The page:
Damn did that feel well done. There was a sense of some extra communication beneath that. It felt like two ancient friends who have known each other for decades, speaking as much with the silence as with the words. Romantic or not, they have some sort of solemn soul-mate thing going on and this scene played that note for all it was worth. Out of a sort of morbid curiosity I decided to see how the other half lives, though I was damn happy what I’d seen as a mere observer. But not as a player. I had picked the other option the “right” way, out of instinct, but the meta-player in me wanted to give these two a happy, loving relationship as romantic partners … and even though I wanted it more, taking the conversation down it’s alternate route not only failed to match up to the high standard of the first but it felt really badly done. When I selected “I want to be more than friends” instead of “I’d like that, too,” every thing from the writing that followed, to the actors’ delivery to the animation feels off. They feel transported into Bizzaro Liara talks with not-too-Bizzarro Shepard as they tell each other that they want to spend the rest of their lives together. The kicker is that, as I said, I sort of wanted them to say that to each other. It’s not that I can’t see the characters as a happy couple somewhere down the line (if they survive, and I have my doubts at this point). It’s that this option was one of the more unintentionally awkward and wince-inducing conversations in the whole game.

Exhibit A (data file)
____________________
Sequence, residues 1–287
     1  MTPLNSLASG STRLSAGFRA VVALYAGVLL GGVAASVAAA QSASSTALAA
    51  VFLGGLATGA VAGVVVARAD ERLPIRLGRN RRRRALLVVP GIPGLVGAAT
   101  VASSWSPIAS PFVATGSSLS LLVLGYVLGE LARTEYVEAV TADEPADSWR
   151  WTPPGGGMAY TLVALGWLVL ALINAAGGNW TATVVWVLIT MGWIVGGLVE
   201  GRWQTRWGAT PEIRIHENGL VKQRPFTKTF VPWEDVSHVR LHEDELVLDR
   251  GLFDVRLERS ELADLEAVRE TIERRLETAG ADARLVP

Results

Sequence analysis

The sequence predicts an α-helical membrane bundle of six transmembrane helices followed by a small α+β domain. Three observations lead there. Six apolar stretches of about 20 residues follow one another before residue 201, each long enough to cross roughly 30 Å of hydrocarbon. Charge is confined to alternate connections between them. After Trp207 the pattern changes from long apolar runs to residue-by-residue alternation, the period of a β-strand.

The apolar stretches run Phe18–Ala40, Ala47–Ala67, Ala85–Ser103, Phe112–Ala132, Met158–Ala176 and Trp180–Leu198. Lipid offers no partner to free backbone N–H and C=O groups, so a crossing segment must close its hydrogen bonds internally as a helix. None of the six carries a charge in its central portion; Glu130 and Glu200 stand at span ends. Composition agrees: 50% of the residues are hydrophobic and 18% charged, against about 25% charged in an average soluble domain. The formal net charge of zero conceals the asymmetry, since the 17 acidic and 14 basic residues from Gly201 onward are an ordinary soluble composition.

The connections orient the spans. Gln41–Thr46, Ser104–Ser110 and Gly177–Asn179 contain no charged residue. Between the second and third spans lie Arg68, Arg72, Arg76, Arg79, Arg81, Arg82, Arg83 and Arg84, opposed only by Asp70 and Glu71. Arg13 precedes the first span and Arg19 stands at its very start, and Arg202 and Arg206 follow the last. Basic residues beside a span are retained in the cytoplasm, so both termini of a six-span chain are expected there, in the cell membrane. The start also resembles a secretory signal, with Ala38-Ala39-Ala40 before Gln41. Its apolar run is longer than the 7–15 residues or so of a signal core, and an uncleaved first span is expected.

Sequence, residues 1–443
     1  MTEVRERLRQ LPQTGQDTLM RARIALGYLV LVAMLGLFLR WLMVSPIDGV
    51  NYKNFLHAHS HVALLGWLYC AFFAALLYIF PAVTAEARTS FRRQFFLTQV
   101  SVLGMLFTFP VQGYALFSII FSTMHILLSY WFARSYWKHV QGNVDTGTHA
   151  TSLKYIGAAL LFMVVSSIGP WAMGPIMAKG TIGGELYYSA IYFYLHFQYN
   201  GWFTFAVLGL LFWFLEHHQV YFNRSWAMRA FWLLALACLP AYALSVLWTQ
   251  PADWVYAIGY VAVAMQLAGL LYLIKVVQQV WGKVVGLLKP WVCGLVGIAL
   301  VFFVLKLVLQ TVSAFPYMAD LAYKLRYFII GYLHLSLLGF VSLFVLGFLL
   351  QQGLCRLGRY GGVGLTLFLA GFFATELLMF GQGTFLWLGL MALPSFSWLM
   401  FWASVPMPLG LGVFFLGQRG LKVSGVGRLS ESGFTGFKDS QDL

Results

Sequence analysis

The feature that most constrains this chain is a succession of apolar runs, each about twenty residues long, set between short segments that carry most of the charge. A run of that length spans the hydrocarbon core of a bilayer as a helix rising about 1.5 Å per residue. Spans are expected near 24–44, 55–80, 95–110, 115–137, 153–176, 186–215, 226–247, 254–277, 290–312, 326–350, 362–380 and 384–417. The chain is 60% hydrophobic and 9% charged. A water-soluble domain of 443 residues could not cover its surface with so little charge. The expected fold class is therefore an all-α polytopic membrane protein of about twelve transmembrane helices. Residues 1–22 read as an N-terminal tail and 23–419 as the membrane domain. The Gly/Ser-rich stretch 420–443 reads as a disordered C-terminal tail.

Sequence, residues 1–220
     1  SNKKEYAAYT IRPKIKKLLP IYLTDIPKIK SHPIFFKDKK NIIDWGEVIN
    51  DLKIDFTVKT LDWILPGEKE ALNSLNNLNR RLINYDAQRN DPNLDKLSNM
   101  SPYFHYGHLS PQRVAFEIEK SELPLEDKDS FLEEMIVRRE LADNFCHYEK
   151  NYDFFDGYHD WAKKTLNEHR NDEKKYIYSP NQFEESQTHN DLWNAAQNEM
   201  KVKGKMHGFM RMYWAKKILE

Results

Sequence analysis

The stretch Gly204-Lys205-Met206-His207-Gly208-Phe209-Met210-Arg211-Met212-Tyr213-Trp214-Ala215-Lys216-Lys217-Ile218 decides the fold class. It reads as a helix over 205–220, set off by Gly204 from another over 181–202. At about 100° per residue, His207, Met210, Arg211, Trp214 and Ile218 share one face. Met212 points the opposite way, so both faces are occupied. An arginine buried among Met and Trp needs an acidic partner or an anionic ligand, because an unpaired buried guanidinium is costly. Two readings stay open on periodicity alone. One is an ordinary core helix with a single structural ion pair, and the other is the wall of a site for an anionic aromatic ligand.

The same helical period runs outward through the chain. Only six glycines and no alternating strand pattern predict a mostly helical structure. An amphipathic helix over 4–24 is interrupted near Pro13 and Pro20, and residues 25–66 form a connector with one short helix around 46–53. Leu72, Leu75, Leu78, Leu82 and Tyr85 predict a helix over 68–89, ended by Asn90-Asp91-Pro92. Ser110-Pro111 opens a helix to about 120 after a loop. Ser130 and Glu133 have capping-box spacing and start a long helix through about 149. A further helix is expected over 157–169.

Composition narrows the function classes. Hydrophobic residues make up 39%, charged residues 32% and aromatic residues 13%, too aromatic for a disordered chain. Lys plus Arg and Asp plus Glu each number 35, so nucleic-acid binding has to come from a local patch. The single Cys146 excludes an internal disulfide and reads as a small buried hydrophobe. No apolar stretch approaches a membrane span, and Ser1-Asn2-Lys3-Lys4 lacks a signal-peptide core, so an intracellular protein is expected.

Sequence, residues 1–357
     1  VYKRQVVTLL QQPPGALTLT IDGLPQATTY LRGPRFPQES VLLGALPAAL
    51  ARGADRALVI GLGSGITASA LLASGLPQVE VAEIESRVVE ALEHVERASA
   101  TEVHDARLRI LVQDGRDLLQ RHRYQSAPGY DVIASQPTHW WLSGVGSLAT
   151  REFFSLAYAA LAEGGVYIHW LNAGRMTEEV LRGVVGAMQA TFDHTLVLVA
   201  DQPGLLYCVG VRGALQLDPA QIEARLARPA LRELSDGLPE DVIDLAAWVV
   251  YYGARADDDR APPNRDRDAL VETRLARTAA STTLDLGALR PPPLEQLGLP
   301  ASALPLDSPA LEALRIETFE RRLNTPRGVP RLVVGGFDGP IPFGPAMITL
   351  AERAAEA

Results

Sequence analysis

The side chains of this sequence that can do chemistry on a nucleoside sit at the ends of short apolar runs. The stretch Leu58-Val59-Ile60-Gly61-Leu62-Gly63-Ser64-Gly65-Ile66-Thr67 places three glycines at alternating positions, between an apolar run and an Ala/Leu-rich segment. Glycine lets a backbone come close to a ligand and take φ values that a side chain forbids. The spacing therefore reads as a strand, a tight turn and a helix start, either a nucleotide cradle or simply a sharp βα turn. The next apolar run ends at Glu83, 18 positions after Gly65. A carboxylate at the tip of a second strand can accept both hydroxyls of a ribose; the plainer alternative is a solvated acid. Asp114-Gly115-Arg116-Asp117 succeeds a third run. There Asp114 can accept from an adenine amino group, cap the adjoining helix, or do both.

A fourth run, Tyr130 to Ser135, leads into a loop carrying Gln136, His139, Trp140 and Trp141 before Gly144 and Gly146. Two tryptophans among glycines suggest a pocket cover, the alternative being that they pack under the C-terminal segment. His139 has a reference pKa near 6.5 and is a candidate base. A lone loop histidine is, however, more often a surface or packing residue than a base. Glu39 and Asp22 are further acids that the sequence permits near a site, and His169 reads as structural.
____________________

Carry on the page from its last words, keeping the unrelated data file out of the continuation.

That’s the most concise moment I can find that encapsulates how I feel about Shepard and Liara’s relationship in the game as a whole. I feel like it, more than any other relationship with Shepard in the game, has a canon arc. There are other canon elements in the game. Aspects of a character’s arc that cannot be thwarted by the PC short of killing the character if that’s even possible. But here was a more solid, natural seeming arc did not involve the PC as an arbiter or an opponent, but still demanded the player have agency. I think Bioware really struggled to with that. I think there are a number of relationships between Liara and the PC that “work.” But for her to be the one that slaves simplemindedly to save Shepard when all others have given up hope, and then to run away from Shepard to carry out a tangential mission of revenge while figuring out what on Earth Shepard not being dead after actually means to her, and then to dedicate herself to Shepard and the mission so completely no matter what choices you make as Shepard? That severely limits the kind of character she can be, and the arcs she can follow. And I don’t think Bioware fully wrapped their heads around the implications of that for her potential romantic entanglements with Shepard.